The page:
ROCKVILLE, Md. - An FDA advisory panel has recommended that the agency approve raloxifene (Evista) for prevention of breast cancer in high-risk postmenopausal women.
ROCKVILLE, Md., July 25 -- An FDA advisory panel has recommended that the agency approve raloxifene (Evista) for prevention of breast cancer in high-risk postmenopausal women.
For that indication, the panel voted 10 to 4. By a closer vote -- 8 to 6 -- the panel said raloxifene's label should be amended to allow its use for prevention of breast cancer in women with osteoporosis.
Raloxifene, a selective estrogen receptor modulator (SERM), was approved in 1997 for treatment and preventions of osteoporosis.
The FDA is expected to act by the end of September. Although the agency is not required to follow the advice of its advisory panels, it generally does.
David Harrington, Ph.D., of the Dana-Farber Cancer Institute in Boston, noted that tamoxifen, although effective, is also difficult to tolerate. Raloxifene, by comparison, is well tolerated by most women and approval of the drug would offer women another option.
A trial of 19,747 women was reported in April 2006 showing that raloxifene was as effective as tamoxifen for preventing breast cancer in high-risk women.
Results of that study, the STAR trial (Study of Tamoxifen and Raloxifene), made headlines when they were first reported at a National Surgical Adjuvant Breast and Bowel Project (NSABP) press conference.
The results were reported in greater detail when they were presented at the American Society of Clinical Oncology meeting in June 2006 and simultaneously published in the Journal of the American Medical Association.
The STAR trial randomized women to daily treatment with 60 mg of Evista or 20 mg of tamoxifen, and the women were followed for almost four years.
In previous studies tamoxifen was shown to reduce breast cancer risk by 50%. In STAR "the ability of [Evista] to reduce breast cancer was equal to tamoxifen," said Victor Vogel, M.D., M.H.S., who was director of the STAR protocol.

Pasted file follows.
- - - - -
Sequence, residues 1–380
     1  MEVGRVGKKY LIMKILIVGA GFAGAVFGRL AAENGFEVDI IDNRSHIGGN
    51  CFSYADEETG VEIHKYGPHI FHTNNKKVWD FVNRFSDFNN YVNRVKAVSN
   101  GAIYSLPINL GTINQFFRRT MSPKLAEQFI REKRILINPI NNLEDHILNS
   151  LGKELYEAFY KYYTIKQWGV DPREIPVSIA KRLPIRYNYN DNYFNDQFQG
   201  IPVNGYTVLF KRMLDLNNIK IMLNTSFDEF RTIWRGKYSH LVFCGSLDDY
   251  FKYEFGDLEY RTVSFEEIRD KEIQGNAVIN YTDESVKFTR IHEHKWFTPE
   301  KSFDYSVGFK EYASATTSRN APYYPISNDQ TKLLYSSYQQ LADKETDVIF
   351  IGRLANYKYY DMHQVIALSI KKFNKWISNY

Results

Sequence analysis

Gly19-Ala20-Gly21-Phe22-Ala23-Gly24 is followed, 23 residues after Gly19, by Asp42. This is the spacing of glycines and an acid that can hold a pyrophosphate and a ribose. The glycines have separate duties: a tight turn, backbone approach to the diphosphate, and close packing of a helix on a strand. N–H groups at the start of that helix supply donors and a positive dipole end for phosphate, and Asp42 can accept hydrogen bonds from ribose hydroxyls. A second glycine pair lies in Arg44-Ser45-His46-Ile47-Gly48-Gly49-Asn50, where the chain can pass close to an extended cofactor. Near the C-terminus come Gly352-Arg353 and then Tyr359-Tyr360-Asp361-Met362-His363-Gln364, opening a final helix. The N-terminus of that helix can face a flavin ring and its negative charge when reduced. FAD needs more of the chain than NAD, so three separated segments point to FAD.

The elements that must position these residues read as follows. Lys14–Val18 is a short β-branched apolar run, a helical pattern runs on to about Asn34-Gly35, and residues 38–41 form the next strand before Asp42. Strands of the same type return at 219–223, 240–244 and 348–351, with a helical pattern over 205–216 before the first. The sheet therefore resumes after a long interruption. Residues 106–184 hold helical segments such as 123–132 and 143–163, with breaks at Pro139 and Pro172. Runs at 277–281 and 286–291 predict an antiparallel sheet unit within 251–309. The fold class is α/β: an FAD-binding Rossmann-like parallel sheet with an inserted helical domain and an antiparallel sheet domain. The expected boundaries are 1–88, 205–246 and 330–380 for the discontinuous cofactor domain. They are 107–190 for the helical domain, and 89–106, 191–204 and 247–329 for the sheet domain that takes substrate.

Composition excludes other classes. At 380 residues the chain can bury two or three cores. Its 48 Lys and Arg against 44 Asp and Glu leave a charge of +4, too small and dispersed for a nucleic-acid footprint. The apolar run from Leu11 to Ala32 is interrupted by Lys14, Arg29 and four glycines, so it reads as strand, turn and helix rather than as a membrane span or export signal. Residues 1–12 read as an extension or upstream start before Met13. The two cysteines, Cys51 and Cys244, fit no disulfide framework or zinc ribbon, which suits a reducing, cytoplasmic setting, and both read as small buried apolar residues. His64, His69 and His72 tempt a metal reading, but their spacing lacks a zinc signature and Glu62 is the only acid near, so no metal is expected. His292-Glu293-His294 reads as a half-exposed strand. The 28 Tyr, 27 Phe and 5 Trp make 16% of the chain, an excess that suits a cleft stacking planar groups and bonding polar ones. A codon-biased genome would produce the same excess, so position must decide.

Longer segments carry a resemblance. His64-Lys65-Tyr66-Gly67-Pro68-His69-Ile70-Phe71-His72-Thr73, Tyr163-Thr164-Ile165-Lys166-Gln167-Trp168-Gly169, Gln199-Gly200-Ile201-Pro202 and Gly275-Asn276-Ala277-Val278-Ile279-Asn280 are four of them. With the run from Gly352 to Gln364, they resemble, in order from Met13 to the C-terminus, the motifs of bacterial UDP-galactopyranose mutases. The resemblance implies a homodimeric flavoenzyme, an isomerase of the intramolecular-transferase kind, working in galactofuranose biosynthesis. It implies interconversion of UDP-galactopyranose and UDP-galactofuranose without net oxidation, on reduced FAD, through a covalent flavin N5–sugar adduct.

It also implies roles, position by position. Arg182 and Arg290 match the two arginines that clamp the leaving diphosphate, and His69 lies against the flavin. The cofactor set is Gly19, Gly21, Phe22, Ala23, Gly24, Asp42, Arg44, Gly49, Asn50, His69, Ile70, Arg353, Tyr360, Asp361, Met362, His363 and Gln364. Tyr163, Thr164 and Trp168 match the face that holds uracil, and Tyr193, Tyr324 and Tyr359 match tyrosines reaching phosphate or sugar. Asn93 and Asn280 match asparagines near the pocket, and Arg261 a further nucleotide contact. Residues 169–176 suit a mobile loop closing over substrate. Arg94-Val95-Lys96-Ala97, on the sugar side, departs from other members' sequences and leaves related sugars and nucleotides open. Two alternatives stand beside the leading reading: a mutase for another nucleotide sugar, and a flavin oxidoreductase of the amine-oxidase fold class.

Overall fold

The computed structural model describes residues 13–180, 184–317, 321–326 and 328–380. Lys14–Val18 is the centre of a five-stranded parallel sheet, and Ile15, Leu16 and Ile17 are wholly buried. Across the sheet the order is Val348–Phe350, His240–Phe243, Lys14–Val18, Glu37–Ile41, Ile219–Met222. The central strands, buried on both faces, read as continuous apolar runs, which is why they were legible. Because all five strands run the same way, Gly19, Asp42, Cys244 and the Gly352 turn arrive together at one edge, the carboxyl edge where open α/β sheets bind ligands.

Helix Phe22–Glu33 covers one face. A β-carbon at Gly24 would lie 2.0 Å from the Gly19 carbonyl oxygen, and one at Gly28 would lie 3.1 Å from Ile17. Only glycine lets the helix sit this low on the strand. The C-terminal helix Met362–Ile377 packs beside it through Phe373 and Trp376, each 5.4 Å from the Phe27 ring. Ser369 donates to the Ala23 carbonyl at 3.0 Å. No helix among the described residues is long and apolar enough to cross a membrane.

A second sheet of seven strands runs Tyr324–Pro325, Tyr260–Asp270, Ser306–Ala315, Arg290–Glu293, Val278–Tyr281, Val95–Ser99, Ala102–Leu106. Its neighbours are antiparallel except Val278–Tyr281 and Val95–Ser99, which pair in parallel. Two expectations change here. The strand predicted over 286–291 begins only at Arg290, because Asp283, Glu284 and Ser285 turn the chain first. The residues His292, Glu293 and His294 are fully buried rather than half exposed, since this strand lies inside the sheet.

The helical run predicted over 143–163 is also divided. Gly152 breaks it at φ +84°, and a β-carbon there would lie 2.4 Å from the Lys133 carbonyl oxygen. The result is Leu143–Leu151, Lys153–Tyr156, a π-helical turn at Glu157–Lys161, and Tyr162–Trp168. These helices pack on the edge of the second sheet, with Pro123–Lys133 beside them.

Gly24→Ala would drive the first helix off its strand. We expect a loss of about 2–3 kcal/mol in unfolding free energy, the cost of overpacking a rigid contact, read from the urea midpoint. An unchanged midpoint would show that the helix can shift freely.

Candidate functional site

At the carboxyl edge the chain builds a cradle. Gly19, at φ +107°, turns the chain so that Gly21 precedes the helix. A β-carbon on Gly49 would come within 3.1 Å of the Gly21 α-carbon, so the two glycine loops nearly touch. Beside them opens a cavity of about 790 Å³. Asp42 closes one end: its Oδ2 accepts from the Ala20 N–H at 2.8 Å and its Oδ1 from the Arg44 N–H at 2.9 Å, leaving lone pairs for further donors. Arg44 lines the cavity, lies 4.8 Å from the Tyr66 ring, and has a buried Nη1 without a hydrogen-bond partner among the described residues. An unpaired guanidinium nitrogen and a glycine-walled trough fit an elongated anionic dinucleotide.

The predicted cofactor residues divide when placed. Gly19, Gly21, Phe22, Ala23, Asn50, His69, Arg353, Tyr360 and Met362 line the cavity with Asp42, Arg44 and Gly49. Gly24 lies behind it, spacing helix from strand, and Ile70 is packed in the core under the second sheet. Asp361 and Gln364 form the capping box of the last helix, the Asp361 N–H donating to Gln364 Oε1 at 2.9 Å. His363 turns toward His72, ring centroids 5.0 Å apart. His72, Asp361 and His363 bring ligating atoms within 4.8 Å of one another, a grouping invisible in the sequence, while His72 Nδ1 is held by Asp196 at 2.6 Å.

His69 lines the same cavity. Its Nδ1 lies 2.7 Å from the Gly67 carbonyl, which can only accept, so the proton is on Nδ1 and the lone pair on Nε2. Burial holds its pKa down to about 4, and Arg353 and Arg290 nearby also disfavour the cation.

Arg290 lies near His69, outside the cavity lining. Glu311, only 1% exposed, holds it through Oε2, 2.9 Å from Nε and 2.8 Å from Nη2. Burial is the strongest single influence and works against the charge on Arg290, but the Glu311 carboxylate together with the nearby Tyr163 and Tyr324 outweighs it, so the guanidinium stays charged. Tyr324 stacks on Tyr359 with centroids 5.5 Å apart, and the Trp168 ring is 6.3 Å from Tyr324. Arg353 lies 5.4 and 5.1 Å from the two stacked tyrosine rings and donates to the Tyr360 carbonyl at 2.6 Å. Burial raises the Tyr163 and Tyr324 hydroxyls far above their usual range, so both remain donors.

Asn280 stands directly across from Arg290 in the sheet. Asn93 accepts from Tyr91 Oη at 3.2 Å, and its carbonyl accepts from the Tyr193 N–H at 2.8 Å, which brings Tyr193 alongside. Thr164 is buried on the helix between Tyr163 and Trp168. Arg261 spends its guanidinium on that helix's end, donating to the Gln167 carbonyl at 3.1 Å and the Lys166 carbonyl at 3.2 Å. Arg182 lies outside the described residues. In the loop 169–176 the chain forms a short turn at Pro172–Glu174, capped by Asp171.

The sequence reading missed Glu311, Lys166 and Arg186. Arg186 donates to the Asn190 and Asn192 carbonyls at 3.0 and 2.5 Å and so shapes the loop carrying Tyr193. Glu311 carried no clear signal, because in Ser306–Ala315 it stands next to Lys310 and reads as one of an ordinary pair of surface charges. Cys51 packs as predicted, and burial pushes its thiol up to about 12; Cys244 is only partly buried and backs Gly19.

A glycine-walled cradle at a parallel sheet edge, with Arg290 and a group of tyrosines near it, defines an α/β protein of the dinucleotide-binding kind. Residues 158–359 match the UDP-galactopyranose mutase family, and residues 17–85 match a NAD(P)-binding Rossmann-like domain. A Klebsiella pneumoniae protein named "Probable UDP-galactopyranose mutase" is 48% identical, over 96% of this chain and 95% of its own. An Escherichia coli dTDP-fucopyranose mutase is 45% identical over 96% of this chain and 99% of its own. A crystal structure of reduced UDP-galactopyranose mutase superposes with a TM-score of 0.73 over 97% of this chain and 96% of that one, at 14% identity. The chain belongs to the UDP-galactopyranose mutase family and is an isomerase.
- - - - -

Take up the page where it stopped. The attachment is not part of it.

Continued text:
But there were more cases of lobular carcinoma in situ or ductal carcinoma in situ among women taking Evista than among women randomized to tamoxifen.
The START researchers have consistently downplayed this, saying this difference (81 cases in the Evista arm versus 57 cases among women taking tamoxifen) were not "really cancer., not really life-threatening disease," said Leslie Ford, M.D., associate director for clinical research at the National Cancer Institute's Division of Cancer Prevention.
Still, Len Lichtenfeld, M.D., deputy chief medical officer for the American Cancer Society, said that lobular carcinoma in situ and ductal carcinoma in situ are not insignificant events for women who are diagnosed with these conditions, which are often termed "pre-cancers". He noted that both "increase the risk of invasive cancer and both conditions are treated." (Evista Prevents Invasive Breast Cancer in High Risk Post-Menopausal Women)
In June, the STAR trialists also revealed that women with intact uteri and women who were sexually active had more dose-limiting side effects with raloxifene than with tamoxifen.
A month later, the New England Journal of Medicine published results of the RUTH trial, a study of 10,000 postmenopausal women, that reported 44% reduction in the risk of breast cancer for raloxifene compared with placebo, but there was also a 49% increase in the relative risk of fatal stroke. (Evista Prevents Breast Cancer but Increases Risk of Fatal Strokes)
Some panelists voiced concern about safety issues raised in those trials, which prompted the panel to recommend that the FDA establish limits for how long women should take raloxifene. They also said the FDA should require post-marketing studies to track safety.
One advocacy group, Breast Cancer Action, which is based in San Francisco, said the benefits of the drug don't outweigh the risks for most women.
In a statement, Barbara Brenner, executive director of Breast Cancer Action, said the "relatively few number of women who may avoid breast cancer by taking raloxifene is far outweighed by the risk of blood clots and strokes from the drug that thousands of other women will experience."